DISGRACE!!! GOLDEN GHETTO JOHNSON COUNTY MEGACHURCH CONFRONTS FAITH COMMUNITY BACKLASH OVER COURTROOM EFFORT TO REVEAL IDENTITIES OF TEEN GIRLS ALLEGING SEXUAL ASSAULT!!!
Sex abuse victim's rights advocates SNAP successfully argued against the tactics of Kansas City's Catholic clergy in a long running sex scandal the rocked the local diocese to its core and resonated all the way to the Vatican. Now, this group has set it's sights on a Johnson County megachurch and their arguments against a recent civil lawsuit are equally pointed, critical and strident in the defense of alleged victims of sexual assault.
Check the case according to this group . . .
SNAP: "In a new court filing, a Kansas City church is trying to force two girls who were abused by a now-imprisoned child molester to publicly reveal their names. We are appalled."
Now, other websites have picked up the story and their reactions and reporting seem to signal serious doubts about this legal tactic . . .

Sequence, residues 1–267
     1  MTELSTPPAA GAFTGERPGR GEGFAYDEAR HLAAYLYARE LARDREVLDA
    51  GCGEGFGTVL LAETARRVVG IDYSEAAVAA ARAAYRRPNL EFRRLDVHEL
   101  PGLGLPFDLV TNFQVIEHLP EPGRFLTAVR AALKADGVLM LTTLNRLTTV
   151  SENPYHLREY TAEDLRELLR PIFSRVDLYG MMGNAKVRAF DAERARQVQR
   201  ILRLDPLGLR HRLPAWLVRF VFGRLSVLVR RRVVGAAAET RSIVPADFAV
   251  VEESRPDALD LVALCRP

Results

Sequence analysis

Baptist News: Westside Family Church of Lenexa, Kan., filed a petition in district court June 15 requesting that the teenaged sisters and their parents who sued the church June 9 not be allowed to proceed with the case with their identifies protected by pseudonyms.
Christian Today: Westside Family Church of Lenexa has accused the girls' family of a "Pearl Harbor-styled barrage of negative publicity,"
Stop Baptist Predators Blog: "So desperate is this Southern Baptist church to pull out all the stops in trying to defend against the family’s civil suit that it is doing what virtually no other religious institution has previously done. It is seeking to publicize the names of children who were sexually violated."
Important fact . . .
"Experts say identifying and publicizing the names of child victims can exacerbate trauma, complicate recovery, discourage future disclosures and inhibit cooperation with authorities for the children involved."
And so, this Sunday morning we consider SHOCKING allegations of abuse and OUTRAGE over a legal defense tactic that threatens common practice in abuse cases.
You decide if this tactic is befitting of a faith community or an appropriate strategy in a contentious legal battle . . .